Guests: and

Read: Gen. 2:18-25; John 2:1-11; Eph. 5:21-33; 1 Pet. 3:1-7

Marriage Is Not Out of Date. In Scripture, marriage is the norm, celibacy the rare exception. Jesus never married, but early in his ministry blessed a marriage feast with his presence for a full week (John 2:1-11). In 1 Corinthians 7, Paul recommends celibacy but endorses marriage, even equality in marriage: “The husband should give to his wife her conjugal rights, and likewise the wife to her husband. For the wife does not have authority over her own body, but the husband does; likewise the husband does not have authority over his own body, but the wife does” (1 Cor. 7:3-4, NRSV). How does all this affect our “modern” view of marriage?

Discussion questions:

    1. Marriage in Paradise. Both in Genesis 1 and in Genesis 2, marriage is clearly presented as God’s idea. In this perfect new world as created by God, how are the ideas of equality and submission represented? Is it possible to have equality and mutual submission? Or must one of the partners have authority over the other? How has the entrance of sin affected the “ideal” of Genesis 1 and 2? Should the idea of submission of the wife to the husband as described in Genesis 3:16 (“he shall rule over you”), be seen as commanded by God, as inevitable and irreversible fate, or as tragic fate which can be reversed within the framework of a marriage committed to God? The original Hebrew seems to allow all of those possibilities. How can we know which one is “correct”?
    2. Good Counsel: Submission, Subjection, Obedience. Not only in 1 Corinthians 7 does Paul counsel mutual submission of marriage partners, but also in Ephesians 5:21, at the head of Paul’s counsel to husbands and wives. Interestingly enough, the verse counseling mutual submission is frequently not linked with the following verses which speak more directly of submission or subjection of the wife to the husband. Indeed, in the official Sabbath School study guide, the passage is listed at Ephesians 5:22-32 instead of 5:21-32. But verse 21 belongs at the head: “Be subject to one another out of reverence for Christ.” Interestingly enough, the analogous passage in 1 Peter 3:1-7 presents the idea of submission, but not mutual submission. How are we to understand the ideas of subjection, submission, equality, and freedom in marriage today? How much weight should we give to particular passages of Scripture, especially when they appear to be contradictory?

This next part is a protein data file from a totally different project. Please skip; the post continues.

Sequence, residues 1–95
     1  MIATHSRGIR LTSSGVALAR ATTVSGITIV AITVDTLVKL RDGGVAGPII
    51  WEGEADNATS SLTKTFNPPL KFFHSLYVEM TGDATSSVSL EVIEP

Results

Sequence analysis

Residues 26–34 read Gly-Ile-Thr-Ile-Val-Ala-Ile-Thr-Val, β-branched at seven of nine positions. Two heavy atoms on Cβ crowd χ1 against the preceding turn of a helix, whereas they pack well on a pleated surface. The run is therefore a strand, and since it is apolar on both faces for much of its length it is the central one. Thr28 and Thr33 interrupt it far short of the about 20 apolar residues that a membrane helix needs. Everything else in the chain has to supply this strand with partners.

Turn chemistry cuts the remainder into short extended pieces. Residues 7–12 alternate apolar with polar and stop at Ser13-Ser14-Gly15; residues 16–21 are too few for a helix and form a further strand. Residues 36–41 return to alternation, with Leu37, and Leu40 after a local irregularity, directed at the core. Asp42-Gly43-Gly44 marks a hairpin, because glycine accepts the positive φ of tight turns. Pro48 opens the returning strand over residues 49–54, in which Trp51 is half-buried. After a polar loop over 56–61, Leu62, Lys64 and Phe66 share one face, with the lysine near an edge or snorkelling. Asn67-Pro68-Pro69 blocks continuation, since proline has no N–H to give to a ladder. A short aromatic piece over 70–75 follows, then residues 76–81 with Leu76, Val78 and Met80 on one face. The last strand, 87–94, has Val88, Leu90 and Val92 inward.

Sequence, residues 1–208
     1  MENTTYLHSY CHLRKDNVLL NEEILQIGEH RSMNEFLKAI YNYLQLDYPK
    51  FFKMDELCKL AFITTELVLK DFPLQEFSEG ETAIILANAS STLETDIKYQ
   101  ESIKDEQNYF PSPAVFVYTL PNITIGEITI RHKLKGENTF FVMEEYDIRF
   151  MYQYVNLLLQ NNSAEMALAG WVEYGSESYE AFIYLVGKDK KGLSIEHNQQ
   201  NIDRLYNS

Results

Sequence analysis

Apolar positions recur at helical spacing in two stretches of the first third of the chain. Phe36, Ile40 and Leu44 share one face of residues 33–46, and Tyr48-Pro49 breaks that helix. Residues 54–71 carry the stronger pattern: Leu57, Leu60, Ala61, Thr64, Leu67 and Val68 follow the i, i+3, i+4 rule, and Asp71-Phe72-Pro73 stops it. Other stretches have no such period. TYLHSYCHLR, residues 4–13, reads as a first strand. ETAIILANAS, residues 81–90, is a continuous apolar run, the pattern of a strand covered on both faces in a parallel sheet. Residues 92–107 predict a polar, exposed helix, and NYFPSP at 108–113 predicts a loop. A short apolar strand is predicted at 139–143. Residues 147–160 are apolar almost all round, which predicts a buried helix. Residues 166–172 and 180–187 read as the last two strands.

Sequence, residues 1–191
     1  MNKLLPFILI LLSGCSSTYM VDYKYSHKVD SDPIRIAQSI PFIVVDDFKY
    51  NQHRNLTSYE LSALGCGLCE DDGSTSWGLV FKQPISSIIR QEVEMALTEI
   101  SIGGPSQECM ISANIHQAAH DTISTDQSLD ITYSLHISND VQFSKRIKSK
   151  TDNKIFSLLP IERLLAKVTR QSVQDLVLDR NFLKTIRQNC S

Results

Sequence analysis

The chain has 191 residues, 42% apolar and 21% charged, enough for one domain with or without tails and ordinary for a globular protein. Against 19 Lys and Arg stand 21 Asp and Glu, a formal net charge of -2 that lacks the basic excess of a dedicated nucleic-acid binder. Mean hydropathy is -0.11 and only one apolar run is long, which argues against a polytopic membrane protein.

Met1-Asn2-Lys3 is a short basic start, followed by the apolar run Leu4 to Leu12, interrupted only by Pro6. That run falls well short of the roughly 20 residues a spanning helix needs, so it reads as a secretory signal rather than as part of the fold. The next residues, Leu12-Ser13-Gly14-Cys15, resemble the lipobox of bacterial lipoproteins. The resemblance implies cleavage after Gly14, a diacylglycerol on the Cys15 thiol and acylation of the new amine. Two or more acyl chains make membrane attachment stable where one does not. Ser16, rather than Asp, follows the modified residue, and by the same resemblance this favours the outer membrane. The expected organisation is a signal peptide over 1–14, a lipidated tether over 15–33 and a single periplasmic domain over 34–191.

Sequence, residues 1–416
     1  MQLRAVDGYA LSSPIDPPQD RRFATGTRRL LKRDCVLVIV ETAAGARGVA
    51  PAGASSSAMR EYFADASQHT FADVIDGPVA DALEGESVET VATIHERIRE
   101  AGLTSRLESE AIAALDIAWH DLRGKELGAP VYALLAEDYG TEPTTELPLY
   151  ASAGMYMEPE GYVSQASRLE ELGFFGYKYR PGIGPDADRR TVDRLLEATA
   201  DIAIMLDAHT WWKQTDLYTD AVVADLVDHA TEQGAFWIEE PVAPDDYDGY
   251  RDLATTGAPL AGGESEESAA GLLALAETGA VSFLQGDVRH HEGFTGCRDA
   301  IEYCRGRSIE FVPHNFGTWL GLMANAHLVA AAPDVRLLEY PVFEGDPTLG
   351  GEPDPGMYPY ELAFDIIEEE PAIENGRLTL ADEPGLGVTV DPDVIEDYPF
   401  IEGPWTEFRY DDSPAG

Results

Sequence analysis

3. Permanence? According to Matthew’s Gospel, Jesus taught that marriage should be a life-long commitment. But he also made allowance for divorce in the event of adultery (Matt. 5:32; 19:8-9). Mark and Luke present the ideal with no mention of possible exceptions (Mark 10:10-12; Luke 16:18). How can one preserve with ideal if one makes room for exceptions? Is the ideal of a life-long commitment still one that we seek to preserve? How can it happen?
    4. Sexuality in marriage. With rare exceptions, the Bible celebrates the sexual aspect of the marriage relationship. The most explicit illustration is found in the Song of Solomon. But the creation account in Genesis 1 and 2 speak of the union between man and woman, even noting that there was then no shame in nakedness (Gen. 2:25). Jesus, too, though he never married, endorsed marriage by his presence at a wedding feast early in his ministry (John 2). Given the perversion of sex in our culture, how is it possible to preserve a positive view of sexuality within marriage and to preserve the expression of sexuality as something that takes place within a marriage relationship?

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